After minor amputations the wound is not always closed. If infection is present or too much skin has had to be removed then the surgeon may leave the amputation wound open.  Forefoot amputationWhen a ray amputation is performed the wound is usually left open to heal. This sounds awful and to the untrained eye the resulting wound can appear dreadful. If the wound is open do not be disheartened. If the conditions are right for healing, these wounds can heal well, over a period of 1-3 months and leave a fully functioning leg and foot.  It is possible to walk virtually normally after losing toes. Even after a forefoot amputation where all the toes are removed, walking is usually straightforward.

This sort of operation is performed frequently for foot infections in patients with diabetes.

 

Major amputations

It is usually possible before the operation (although not always) for the surgeon to decide at what level the amputation will be performed (above knee or below knee). Sometimes gangrene or infection will only involve a toe or part of a foot and a limited or minor amputation can be performed. This is only worthwhile if the surgeon thinks that the wound that is created will heal. In some patients, it is better to try a limited amputation if there is a chance of healing, but to be prepared to proceed to a major amputation if healing doesn't take place.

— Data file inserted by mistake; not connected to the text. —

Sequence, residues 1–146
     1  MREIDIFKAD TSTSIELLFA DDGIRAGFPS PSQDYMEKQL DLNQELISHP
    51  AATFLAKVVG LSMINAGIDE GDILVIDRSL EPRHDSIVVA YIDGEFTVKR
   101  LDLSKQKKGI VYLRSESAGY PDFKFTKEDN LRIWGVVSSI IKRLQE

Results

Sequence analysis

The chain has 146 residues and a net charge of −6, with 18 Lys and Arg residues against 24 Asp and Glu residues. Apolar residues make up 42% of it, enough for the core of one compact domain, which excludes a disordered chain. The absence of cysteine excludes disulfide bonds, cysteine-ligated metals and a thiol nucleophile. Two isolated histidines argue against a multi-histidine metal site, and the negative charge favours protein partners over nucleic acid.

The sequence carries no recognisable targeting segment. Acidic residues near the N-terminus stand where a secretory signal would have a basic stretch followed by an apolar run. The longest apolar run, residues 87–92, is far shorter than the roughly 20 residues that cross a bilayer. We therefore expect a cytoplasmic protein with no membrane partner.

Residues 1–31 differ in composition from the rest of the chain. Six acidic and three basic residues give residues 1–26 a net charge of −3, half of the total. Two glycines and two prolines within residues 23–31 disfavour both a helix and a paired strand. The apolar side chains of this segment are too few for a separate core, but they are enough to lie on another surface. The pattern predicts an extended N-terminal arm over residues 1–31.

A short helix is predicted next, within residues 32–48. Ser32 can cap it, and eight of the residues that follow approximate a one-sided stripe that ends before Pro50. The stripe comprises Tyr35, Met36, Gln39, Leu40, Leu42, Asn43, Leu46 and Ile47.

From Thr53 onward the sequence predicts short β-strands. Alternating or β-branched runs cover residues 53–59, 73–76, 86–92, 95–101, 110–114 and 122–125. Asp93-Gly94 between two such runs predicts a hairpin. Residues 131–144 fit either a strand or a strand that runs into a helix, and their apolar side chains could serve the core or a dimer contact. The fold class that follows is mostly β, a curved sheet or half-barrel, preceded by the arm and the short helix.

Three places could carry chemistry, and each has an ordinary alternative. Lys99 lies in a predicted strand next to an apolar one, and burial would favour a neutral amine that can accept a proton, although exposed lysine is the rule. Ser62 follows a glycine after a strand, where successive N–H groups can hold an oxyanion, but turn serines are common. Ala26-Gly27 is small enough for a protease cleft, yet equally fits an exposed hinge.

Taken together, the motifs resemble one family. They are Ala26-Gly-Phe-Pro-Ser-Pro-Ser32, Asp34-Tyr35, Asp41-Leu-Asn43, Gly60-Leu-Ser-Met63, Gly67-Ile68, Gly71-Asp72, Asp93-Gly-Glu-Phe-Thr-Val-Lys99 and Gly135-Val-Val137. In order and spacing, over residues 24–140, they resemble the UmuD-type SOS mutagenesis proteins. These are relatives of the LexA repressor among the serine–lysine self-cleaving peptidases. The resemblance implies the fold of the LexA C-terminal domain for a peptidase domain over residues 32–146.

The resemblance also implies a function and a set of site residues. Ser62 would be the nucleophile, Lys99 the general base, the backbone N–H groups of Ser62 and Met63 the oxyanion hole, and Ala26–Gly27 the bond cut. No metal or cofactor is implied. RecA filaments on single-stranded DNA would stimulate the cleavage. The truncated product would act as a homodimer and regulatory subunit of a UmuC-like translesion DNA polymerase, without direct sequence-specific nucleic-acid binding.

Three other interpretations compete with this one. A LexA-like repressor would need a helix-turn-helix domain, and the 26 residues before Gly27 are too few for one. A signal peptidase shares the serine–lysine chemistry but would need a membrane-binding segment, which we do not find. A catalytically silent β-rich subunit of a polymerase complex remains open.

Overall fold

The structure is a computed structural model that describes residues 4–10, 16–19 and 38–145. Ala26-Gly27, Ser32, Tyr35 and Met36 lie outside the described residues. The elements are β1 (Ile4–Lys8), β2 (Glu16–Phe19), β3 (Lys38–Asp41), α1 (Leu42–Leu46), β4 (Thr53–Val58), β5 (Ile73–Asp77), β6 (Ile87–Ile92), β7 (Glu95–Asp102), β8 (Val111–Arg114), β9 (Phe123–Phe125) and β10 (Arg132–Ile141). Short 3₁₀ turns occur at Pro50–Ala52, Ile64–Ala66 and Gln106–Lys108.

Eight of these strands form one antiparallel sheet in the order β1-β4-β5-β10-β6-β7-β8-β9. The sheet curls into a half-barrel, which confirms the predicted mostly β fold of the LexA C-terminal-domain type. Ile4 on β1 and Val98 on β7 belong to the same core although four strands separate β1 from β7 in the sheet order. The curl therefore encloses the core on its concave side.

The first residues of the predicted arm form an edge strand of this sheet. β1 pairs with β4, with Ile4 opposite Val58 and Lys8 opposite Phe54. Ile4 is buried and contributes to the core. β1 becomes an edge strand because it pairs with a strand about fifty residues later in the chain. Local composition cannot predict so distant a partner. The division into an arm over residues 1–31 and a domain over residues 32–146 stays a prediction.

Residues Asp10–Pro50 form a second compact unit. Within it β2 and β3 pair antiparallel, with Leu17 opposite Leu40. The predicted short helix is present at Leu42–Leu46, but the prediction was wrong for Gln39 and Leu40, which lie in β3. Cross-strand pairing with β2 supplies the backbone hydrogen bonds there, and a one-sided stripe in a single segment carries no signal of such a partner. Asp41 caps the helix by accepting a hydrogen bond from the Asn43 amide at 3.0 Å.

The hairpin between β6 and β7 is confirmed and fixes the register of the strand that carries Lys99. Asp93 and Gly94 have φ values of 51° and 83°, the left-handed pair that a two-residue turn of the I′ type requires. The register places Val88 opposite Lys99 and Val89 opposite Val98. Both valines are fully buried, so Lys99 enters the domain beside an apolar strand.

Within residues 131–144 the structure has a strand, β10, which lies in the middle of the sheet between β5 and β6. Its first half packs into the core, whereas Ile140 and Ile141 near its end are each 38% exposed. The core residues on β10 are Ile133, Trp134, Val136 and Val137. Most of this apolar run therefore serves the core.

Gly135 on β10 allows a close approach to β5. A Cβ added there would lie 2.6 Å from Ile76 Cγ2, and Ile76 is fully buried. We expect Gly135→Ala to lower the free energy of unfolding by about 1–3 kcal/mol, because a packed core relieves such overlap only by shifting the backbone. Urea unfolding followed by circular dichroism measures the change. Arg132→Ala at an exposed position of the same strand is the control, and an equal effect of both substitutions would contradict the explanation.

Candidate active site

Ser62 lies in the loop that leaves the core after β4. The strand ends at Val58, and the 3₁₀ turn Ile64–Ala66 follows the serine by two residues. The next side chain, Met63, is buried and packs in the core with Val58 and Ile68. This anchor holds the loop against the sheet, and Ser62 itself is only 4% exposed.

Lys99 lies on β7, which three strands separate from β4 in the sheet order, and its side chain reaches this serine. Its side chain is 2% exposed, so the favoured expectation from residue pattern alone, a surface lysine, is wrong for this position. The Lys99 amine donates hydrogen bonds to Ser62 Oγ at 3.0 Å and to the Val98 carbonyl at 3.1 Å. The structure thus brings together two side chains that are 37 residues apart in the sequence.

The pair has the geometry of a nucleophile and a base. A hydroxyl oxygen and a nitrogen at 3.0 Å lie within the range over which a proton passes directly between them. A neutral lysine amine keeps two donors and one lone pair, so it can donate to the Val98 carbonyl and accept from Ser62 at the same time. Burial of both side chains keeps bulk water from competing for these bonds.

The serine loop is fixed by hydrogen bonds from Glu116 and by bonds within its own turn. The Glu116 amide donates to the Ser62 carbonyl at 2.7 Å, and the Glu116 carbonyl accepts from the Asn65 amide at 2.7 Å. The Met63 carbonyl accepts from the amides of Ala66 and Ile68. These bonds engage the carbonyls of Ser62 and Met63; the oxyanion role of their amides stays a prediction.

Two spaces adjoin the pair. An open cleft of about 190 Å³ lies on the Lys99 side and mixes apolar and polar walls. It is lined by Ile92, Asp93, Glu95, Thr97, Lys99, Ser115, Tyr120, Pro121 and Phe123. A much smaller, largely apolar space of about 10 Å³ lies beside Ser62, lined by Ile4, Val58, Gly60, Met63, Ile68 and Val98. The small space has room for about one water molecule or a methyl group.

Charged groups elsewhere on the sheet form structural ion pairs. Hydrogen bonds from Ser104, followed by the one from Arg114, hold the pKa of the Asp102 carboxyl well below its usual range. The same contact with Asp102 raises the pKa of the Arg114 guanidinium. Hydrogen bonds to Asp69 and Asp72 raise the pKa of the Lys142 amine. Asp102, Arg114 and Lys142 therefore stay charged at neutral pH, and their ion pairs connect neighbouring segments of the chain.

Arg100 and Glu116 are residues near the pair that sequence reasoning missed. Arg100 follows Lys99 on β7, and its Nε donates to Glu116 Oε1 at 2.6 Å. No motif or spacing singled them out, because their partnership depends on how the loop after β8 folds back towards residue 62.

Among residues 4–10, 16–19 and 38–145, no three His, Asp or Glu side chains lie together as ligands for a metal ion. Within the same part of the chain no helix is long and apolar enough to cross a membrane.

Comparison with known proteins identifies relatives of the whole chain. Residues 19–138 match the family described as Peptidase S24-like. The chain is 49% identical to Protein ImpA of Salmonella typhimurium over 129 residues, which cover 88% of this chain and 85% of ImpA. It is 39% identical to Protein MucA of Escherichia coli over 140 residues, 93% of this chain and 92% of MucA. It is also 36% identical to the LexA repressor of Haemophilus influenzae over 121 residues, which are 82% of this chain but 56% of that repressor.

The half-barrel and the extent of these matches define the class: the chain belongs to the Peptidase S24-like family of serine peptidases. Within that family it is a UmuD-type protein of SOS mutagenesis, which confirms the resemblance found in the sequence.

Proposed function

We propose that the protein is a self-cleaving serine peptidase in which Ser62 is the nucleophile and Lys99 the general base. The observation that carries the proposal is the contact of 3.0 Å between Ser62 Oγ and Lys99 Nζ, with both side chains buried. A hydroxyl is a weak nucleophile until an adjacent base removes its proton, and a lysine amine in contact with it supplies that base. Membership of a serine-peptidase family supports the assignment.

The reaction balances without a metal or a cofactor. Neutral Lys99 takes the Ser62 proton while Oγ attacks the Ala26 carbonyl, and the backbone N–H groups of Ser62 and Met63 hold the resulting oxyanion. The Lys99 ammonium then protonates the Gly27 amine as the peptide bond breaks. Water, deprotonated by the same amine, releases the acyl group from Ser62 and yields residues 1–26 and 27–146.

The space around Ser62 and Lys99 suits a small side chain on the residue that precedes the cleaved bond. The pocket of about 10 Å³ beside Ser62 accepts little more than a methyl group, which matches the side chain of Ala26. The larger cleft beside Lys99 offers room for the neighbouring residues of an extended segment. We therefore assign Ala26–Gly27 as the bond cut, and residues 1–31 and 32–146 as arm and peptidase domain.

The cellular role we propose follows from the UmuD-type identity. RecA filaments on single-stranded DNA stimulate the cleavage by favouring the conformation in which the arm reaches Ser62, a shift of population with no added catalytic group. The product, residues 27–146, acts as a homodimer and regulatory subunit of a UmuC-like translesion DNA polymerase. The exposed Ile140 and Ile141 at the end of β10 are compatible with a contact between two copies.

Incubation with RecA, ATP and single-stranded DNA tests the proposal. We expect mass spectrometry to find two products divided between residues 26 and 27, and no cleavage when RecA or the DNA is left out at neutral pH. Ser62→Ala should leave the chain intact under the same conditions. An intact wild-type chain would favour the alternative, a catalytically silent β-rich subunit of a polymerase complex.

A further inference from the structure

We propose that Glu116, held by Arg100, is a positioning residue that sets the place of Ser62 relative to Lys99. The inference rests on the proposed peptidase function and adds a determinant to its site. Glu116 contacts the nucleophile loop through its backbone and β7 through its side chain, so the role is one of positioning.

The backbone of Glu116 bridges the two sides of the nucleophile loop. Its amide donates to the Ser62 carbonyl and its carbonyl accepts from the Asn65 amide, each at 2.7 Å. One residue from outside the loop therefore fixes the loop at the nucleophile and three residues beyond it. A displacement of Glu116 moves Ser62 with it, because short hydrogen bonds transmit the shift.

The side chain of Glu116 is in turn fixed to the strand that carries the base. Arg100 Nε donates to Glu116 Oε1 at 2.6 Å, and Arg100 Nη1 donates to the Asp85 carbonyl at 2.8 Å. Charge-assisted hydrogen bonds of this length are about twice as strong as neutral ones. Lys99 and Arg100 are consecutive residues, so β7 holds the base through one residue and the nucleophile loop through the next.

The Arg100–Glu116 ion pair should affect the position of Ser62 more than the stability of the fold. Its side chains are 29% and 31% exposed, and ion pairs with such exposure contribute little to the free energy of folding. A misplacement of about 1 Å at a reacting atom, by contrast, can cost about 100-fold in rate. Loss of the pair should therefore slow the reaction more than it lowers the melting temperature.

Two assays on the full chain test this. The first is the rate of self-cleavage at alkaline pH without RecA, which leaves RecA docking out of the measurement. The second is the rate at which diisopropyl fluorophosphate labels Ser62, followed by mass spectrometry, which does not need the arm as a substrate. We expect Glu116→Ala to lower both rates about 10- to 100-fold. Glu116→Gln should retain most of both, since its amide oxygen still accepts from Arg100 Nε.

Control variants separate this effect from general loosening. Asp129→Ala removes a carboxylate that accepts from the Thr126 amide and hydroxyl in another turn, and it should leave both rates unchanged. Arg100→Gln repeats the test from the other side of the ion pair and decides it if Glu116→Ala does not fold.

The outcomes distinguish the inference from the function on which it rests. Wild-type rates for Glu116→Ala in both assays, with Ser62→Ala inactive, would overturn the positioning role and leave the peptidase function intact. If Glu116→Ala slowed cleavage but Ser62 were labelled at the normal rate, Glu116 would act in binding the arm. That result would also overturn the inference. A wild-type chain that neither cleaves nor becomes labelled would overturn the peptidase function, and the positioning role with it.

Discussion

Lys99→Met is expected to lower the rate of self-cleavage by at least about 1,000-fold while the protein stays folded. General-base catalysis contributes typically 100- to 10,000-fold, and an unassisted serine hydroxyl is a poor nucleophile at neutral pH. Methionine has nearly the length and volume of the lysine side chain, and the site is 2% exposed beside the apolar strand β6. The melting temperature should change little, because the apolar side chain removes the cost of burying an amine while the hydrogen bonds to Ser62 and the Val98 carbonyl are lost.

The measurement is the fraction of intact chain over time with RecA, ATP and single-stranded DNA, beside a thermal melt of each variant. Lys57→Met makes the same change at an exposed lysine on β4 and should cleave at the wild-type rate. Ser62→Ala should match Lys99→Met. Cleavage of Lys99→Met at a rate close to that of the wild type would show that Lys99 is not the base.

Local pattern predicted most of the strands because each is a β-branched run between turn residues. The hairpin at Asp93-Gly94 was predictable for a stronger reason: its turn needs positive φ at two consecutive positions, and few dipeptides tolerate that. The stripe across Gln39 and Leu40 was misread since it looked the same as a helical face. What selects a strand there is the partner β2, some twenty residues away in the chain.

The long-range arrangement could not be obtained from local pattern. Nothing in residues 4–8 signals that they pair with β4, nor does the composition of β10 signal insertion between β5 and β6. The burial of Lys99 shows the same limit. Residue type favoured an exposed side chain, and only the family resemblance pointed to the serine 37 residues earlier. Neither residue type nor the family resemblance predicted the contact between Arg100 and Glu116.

One of the most important factors in healing is the blood supply to the tissues. If the blood supply is damaged or impaired it may not be possible for the tissues to heal even after a minor amputation. If in the opinion of the surgeon the tissues will clearly not heal because of poor blood supply it would be unwise to proceed with a minor amputation when it is clear that a major amputation is required. Unfortunately, there is no test that can predict in every patient whether healing will take place and it is a matter of surgical judgement and experience whether a wound is likely to heal or not.